Proposal Sparks Monumental Debate At The Grand Canyon

A proposed national monument adjoining Grand Canyon National Park has generated a political divide almost as wide as the canyon itself.

The Greater Grand Canyon Heritage National Monument would offer additional protections for 1.7 million acres of federal and tribal in northern Arizona.

Environmentalists and many tribal representatives support the effort, which they say would better protect cultural sites and curb uranium mining in the Colorado River watershed, through which Southern Nevada’s water flows.

Business and some outdoor enthusiasts contend the proposal is a monument to federal overreach that would close off the land to legitimate uses and is an affront to Arizona’s history of dealing with land use issues at the state level.

A Democratic lawmaker from Arizona has proposed legislation that creates the monument and President Barack Obama has the authority to designate the area a monument on his own.

The area is about 150 miles east of Las Vegas.

Map courtesy of Stephanie Smith, Grand Canyon Trust

Support comes from

"It's vital to the life blood of Las Vegas' tourism economy," said Christian Gerlach, a Las Vegas-based representative of the Sierra Club. The Sierra Club supports the designation.

Gerlach said a significant number of people come to Southern Nevada to see the Grand Canyon. He said adding more protected land would add to the economic value the national park already has and protect water from uranium mining. 

"Ultimately, the threats from uranium mining could pose a huge determent to the tourism itself," he said. "Protecting the land, protects the $14.9 billion outdoor recreation economy that Nevada currently has."

Glenn Hamer is the president of the Arizona Chamber of Commerce, which opposes the designation. 

He said the amount of land covered by the designation would be massive. 

"This would actually double the size of land under monument protection on the federal side and 1.7 million acres is larger than the size of Delaware," he said.

However, Hamer and his group's biggest problem is the idea that President Obama could make the designation without everyone impacted by it having a say.

"We feel very confident that if we have a process that is driven by Arizona communities, including the environmental community, we'll come out with a much better process than a president unilaterally designating something this size and scope," he said.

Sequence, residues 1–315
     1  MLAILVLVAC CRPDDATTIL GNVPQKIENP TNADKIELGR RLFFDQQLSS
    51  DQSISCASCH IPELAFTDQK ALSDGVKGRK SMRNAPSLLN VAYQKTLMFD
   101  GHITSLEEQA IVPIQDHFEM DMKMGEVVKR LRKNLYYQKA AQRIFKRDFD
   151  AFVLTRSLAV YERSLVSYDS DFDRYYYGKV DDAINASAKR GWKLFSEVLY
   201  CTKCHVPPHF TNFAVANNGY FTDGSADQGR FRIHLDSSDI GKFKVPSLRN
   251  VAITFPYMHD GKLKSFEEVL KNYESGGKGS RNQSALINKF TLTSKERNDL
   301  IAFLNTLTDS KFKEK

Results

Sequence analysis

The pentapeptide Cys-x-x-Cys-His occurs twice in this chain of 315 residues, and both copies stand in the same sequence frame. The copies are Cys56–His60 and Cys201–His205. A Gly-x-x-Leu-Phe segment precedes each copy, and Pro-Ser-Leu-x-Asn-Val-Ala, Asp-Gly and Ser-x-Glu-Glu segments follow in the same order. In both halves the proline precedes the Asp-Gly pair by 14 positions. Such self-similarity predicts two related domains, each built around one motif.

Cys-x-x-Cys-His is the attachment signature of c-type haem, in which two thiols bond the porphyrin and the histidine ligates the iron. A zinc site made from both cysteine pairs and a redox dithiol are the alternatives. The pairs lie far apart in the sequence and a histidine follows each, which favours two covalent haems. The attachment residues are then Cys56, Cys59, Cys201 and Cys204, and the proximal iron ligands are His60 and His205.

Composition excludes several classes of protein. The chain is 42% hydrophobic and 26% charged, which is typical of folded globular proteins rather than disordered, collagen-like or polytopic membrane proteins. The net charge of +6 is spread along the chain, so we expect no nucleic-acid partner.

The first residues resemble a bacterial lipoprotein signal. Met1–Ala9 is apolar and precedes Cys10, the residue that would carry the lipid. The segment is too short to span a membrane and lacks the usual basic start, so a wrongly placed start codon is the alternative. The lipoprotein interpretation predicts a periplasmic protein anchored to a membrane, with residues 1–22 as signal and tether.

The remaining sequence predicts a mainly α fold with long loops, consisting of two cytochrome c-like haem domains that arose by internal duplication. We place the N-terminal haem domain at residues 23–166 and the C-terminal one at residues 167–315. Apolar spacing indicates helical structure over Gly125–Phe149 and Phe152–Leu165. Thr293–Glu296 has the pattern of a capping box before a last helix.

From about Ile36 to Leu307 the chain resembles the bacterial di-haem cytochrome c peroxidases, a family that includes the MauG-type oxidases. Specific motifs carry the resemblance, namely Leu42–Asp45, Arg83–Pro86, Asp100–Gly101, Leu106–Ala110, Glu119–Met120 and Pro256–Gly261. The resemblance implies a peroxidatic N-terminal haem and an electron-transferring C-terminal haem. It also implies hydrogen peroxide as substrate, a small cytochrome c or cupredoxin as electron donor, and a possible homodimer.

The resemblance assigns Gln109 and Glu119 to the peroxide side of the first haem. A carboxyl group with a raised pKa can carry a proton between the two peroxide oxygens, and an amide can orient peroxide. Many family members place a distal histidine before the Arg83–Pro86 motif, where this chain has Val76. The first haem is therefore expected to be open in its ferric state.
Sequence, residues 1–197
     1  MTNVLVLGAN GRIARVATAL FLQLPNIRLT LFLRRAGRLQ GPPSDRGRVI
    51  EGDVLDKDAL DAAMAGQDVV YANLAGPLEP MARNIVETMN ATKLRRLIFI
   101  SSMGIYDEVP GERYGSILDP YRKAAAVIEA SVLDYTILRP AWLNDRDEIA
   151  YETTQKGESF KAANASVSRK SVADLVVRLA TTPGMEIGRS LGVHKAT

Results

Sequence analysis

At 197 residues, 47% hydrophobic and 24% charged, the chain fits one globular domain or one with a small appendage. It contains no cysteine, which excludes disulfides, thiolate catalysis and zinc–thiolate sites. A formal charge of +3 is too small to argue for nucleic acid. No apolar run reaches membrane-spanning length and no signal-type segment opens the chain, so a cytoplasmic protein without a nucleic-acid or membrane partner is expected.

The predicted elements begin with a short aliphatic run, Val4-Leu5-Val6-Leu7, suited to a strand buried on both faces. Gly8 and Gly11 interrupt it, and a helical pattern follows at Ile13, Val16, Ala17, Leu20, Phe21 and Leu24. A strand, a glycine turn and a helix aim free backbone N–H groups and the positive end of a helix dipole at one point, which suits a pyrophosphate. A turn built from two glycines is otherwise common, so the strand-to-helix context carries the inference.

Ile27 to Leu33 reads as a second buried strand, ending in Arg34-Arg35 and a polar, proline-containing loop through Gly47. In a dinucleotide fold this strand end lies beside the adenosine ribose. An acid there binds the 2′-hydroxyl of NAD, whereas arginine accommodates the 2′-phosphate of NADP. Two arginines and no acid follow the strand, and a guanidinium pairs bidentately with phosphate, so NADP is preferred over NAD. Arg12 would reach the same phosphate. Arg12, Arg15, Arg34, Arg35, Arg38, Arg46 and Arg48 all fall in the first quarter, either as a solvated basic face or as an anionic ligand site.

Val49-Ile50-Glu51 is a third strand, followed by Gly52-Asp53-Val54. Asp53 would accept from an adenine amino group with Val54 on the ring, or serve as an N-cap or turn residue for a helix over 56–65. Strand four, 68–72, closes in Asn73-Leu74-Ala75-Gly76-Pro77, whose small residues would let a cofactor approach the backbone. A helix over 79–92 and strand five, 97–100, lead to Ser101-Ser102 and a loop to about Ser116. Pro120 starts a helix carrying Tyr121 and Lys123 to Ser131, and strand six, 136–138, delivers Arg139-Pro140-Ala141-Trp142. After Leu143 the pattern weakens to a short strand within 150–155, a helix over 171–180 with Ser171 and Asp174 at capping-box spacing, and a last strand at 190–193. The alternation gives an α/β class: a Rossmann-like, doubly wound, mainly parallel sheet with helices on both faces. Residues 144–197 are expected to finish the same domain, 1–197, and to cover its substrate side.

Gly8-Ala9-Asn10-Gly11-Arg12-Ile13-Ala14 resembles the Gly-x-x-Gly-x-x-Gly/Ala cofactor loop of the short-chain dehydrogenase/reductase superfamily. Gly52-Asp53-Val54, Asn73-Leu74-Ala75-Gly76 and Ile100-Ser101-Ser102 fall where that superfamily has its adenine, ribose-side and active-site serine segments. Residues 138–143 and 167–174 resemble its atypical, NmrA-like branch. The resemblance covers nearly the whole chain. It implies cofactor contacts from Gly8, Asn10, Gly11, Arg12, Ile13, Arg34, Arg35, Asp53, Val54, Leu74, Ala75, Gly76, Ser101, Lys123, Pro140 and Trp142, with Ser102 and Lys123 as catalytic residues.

While the dispute seems to be between some Arizona businesses and conservation groups in the Southwest, the deputy director for the Center for Western Priorities Greg Zimmerman believes there is more going on.

Zimmerman told KNPR's State of Nevada that the Koch Brothers are involved. The Koch Brothers are energy billionaires, who are known for spending a lot of money on conservative causes.  

"What I found is there is well funded attempt to undermine efforts to permanently protect lands around the Grand Canyon National Park from uranium mining," Zimmerman said, "And this effort is being underwritten by dark money group backed by the Koch Brothers."

Zimmerman and Gerlach believe the mining and energy industries are working to stop the designation so they have access to land they can drill and extract minerals from. 

For his part, Hamer said his group does not get money from the Koch Brothers but from Arizona businesses. 

"It's just nonsense," he said, "Let's talk about the merits of this. Let's talk about why there's 100 or so groups that are very diverse, political leaders that oppose this designation," he said. 

Gerlach said the land is already held in "trust for the American people."

"This designation will not take away any sort of private holdings," he said, "What it does is it specifically better manages and better stewards the land that is currently held in trust for every single man, woman and child in this nation."




Christian Gerlach, Las Vegas-based representative of the Sierra Club; Glenn Hamer, president, Arizona Chamber of Commerce; Greg Zimmerman, deputy director, Center for Western Priorities

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